General Phone: (281) 298-1144

Common Causes of Seizures

Seizures occur when there’s a sudden surge of abnormal electrical activity in your child’s brain. While seizures usually don’t last long, they’re frightening for parents and children because of the changes they cause, from uncontrollable shaking to losing consciousness.

THINK Neurology for Kids specializes in treating children with seizure disorders. We understand that one of the first things parents want to know is what caused their child’s seizure, so we wrote this blog to give you the information you need. 

We also want to let parents know that in this time of social isolation to stop the spread of COVID-19, they can still get medical care and support for their child through telemedicine.

Top three causes of seizures

The cause of a seizure can’t always be determined, but when there is an identifiable reason, it’s often due to one of three health conditions:

1. High fever

Seizures caused by a fever, called febrile seizures, affect 3-4% of all children between the ages of 6 months and 5 years. However, they most often occur in infants aged 12-18 months.

Febrile seizures typically occur in the first few hours after your child develops a fever and last less than a minute. 

Parents should be prepared for the possibility of a second febrile seizure. Children who are younger than 1 year old when they have their first febrile seizure have a 50% chance of having a second occurrence. The risk drops to 30% for those who are older than 1 year at their first febrile seizure.

2. Traumatic brain injury

Children who suffer a moderate to severe traumatic brain injury (TBI) may have a seizure within minutes of the injury or the seizure may be delayed, occurring after a week. The chances of having a seizure depend on the child’s age, the type of trauma, and if the injury caused bleeding in the brain.

Post-traumatic seizures are diagnosed in about 37% of children aged 2 years and younger who suffer an accidental TBI without bleeding. That number drops to 16% in children aged 14-17 years old. The incidence of post-traumatic seizures can rise to a little more than half in young children with bleeding.

3. Infections

Central nervous system infections such as meningitis and encephalitis can cause acute seizures. Children who have encephalitis may have a seizure while they’re ill, but they’re also at risk for seizures after the acute infection heals because their brain cells are more likely to produce bursts of abnormal activity.

Other causes of seizures

Though they’re less common causes, there’s a very long list of health problems that can result in seizures in children and teens, including:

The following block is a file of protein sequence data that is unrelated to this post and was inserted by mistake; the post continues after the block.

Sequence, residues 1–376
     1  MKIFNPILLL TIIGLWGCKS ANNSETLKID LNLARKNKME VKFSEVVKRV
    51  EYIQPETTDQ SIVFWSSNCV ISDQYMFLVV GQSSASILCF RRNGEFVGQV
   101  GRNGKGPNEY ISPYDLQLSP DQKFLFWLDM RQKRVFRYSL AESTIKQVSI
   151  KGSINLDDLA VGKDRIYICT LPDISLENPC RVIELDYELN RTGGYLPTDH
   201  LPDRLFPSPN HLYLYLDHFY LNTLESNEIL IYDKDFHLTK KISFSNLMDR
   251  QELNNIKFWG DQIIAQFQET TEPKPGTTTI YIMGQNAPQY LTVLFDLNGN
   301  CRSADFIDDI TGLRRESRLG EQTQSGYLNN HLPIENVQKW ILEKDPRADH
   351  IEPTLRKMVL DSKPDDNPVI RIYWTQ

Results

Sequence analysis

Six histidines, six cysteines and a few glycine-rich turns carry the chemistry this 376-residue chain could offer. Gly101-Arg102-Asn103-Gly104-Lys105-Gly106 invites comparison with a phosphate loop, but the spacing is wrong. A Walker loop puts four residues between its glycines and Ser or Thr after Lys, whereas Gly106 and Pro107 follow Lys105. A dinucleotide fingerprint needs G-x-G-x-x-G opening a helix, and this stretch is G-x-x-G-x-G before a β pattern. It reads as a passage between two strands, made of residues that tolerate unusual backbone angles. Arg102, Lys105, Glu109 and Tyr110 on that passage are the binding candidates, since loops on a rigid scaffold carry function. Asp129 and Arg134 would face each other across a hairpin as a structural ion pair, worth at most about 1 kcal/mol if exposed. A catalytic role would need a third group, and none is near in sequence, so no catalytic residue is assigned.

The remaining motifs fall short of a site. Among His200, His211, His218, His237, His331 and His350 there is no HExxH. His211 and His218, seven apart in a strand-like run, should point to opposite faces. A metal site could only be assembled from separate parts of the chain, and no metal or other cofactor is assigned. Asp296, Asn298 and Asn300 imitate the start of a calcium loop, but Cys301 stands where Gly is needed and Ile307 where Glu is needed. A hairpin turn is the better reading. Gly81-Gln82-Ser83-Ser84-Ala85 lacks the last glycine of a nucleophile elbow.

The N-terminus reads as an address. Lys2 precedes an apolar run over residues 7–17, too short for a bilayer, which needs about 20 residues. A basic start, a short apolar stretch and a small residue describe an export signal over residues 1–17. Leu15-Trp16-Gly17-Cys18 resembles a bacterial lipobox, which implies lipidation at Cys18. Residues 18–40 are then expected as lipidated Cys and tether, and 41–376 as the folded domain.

Disorders that interfere with the metabolism of amino acids, fats, and carbohydrates often trigger a seizure. Additionally, seizures may develop in children who have low levels of blood sugar and imbalances of electrolytes such as calcium, sodium, and magnesium. Anything that disrupts the normal connections between nerve cells can result in a seizure.

Epilepsy versus seizures

Epilepsy and seizures are often confused for the same condition, but there are differences between them. Your child is diagnosed with epilepsy when they have two or more recurrent seizures that aren’t caused by a known medical condition.

However, many of the same health conditions that cause seizures are risk factors for epilepsy. For example, when a child’s first seizure occurs due to a traumatic brain injury or infection, they’re more likely to develop epilepsy.

Epilepsy also encompasses more than seizures. This complex disease is closely connect with comorbidities such as:

The Epilepsy Foundation estimates that one-third of children with autism spectrum disorder may have seizures.

Help for seizures is available via telemedicine

As we post this blog, we’re still practicing social isolation to stop the spread of COVID-19, so it’s important to know that you can still get help without coming into the office. If your child has suffered a condition that increases their risk for seizures, had a seizure, or is diagnosed with epilepsy, call THINK Neurology for Kids and we’ll tell you how you can schedule a telemedicine appointment with one of our physicians.

You Might Also Enjoy...

How (and Why) to Bolster Your ADHD Child's Self Esteem

The challenges of ADHD demolish a child’s self-esteem. How can they feel confident when every day poses overwhelming problems they struggle to control? Though it’s a slow process, you can boost your child's self-esteem with these tips.

How Much Sleep Does My Child Need?

You know sleep is essential, but you may have questions about the amount of sleep your child needs and how to help them when they frequently struggle to get a full night’s sleep. Here's what you should know about your child's sleep needs.

Is My Child Suffering From Migraines?

You may think that migraines only affect adults, but children get them too. Half of adults had their first migraine before the age of 12. If your child has migraines, they need unique treatment to ease their pain and prevent future headaches.

What Causes Developmental Delays in Kids?

Parents share stories about their kids and inevitably compare their child's development to others. If your child seems slow to achieve skills like walking and talking, they may have a developmental delay. Here's a rundown on delays and their causes.

Debunking Common Myths About Tourette Syndrome

If there's one thing that adds to the challenge of helping your child learn to live with Tourette syndrome, chances are it’s dealing with all the myths surrounding the disease. This blog runs down the top six myths and sets the record straight.